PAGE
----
The drama surrounding Saturday’s Parliament spectacle — where hundreds of rowdy Zanu PF supporters stormed the august House and beat up legislators and journalists — boggles the mind.
This kind of lawlessness surprised even the police who later said they did not deploy a lot of manpower because they did not find any reason to do so at a respectable place like the House of Assembly.
The police did not expect anybody would dare come into the centre of the capital city, storm Parliament building and virtually turn the House into a beerhall, boxing arena or a militia camp where political opponents are tortured.
The issue under debate, the Zimbabwe Human Rights Commission Bill, has become an emotive matter because there is a political party that is fighting tooth and nail to have its past crimes swept under the carpet. Zanu PF has made its position clear — that the Human Rights Commission should not be allowed to probe political crimes committed prior to 2009.
The party’s post-independence history is riddled with bullets of crime, including murder. What they demand and why an MP was dragged by his necktie and pummelled on Saturday is that the Gukurahundi “moment of madness”, the Murambatsvina human rights disaster and the 2008 electoral murders be all forgotten.
The determination to cover their bloody past is measured by the extent the party can go to muzzle the Human Rights Commission. That is why perhaps the police were equally surprised.
Police spokesperson Inspector James Sabau said: “We believe that responsible people go to Parliament because whatever takes place there is different from a demonstration.
People go to Parliament to debate on Bills and we do not expect to deploy a lot of policemen there.”
The hooligans — who have clearly been misled about how best to keep the rights commission off their dirty past — failed to realise that while they may have succeeded in scuttling debate on the issue, there are people elsewhere in the country that have debated the issue and whose views have been recorded and would be considered at the end of the day.
Chairperson of the Parliamentary Portfolio Committee on Justice and Legal Affairs Douglas Mwonzora, whose committee is collecting public views on the Human Rights Commission Bill together with Misheck Marava’s Thematic Committee on Human Rights, said the hooligans that have disrupted meetings in Chinhoyi, Masvingo, Mutare and Harare were ignorant and misguided elements fighting a losing battle.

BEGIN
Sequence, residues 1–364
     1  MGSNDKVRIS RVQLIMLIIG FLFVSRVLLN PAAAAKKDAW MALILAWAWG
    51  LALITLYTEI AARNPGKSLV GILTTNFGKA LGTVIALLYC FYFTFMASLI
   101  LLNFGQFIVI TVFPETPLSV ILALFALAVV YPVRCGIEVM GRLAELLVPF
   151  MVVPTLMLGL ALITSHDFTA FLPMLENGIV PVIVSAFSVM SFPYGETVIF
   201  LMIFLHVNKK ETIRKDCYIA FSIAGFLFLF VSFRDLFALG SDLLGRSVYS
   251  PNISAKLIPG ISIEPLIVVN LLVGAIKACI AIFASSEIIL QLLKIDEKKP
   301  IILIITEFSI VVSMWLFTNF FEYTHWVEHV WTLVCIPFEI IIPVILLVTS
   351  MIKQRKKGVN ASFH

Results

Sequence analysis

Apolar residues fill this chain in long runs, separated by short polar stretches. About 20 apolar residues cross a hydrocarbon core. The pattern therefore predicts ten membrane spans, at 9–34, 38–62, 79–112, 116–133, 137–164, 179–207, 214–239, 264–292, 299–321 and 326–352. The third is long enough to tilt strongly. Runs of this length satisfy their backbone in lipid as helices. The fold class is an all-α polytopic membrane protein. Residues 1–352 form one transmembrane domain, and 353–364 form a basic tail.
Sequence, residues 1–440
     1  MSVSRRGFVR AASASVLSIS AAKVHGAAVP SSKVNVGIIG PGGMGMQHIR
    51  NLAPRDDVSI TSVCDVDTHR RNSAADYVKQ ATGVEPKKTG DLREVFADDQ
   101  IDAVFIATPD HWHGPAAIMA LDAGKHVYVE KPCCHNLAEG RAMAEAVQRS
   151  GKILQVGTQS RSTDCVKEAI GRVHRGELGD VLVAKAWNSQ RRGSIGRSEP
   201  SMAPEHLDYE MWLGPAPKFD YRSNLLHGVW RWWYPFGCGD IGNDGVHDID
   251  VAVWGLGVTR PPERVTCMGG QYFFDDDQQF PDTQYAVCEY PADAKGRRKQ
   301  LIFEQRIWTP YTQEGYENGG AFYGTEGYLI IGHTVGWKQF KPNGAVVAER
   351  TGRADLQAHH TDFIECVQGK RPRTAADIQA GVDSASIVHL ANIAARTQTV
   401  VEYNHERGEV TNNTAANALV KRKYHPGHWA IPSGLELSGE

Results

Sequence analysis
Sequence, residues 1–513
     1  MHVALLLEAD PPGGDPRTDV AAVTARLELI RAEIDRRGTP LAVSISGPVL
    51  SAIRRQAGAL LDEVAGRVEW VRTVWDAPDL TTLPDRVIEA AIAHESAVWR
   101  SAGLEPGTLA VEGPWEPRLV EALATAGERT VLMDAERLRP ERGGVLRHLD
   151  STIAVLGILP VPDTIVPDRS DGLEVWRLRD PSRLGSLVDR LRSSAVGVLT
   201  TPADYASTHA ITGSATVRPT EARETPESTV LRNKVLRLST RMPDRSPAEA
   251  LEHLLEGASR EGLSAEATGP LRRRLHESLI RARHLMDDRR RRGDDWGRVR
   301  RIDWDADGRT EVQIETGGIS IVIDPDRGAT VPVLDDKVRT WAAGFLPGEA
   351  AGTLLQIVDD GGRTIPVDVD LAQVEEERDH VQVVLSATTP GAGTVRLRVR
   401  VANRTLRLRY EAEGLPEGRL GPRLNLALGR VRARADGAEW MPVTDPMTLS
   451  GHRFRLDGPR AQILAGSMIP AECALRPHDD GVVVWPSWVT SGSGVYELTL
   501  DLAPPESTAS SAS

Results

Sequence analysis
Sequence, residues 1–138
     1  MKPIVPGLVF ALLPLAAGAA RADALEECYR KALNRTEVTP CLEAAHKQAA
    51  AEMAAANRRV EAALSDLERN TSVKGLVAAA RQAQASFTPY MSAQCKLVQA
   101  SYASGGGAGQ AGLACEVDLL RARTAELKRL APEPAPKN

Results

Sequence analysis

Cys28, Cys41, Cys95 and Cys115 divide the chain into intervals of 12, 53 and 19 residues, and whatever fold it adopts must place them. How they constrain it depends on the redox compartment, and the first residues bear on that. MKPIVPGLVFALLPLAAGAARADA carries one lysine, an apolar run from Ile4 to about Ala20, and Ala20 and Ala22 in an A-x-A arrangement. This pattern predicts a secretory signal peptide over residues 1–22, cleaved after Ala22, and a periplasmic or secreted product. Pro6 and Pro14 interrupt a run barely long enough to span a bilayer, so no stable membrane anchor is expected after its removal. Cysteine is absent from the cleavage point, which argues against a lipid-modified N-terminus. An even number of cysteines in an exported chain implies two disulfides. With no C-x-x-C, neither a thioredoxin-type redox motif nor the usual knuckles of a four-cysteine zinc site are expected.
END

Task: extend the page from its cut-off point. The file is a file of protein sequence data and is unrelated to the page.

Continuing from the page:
“Unfortunately for the sponsored hooligans, some serious people made submissions like that they wanted human rights abuses that happened from 1980 during the Gukurahundi era, Operation Murambatsvina era and the 2008 elections to be investigated, while they were busy making noise,” Mwonzora said, adding the views that had been recorded would be heard.
But Saturday’s Parly drama is not without precedent. This is exactly the same kind of behaviour Zimbabwe witnessed in November 2000 in virtually the same building — inside the Supreme Court of Zimbabwe.
War veterans’ leader Joseph Chinotimba led a group that invaded the Supreme Court building to start what was to become the effective purge of the judiciary, removing judges who were regarded as being unfavourable towards the so-called fast-track land reform programme.
They stormed the Supreme Court which was in session, jumped on top of the judges’ bench where they danced, singing “revolutionary” songs and demanding the departure of white judges.
That is how far certain political parties can go when they decide to tear apart the rule of law.
Our police should not be surprised but always be prepared wherever emotive political issues are at the fore – unless, of course, they are part of the grand plan and conveniently absent themselves, which we do not wish to believe.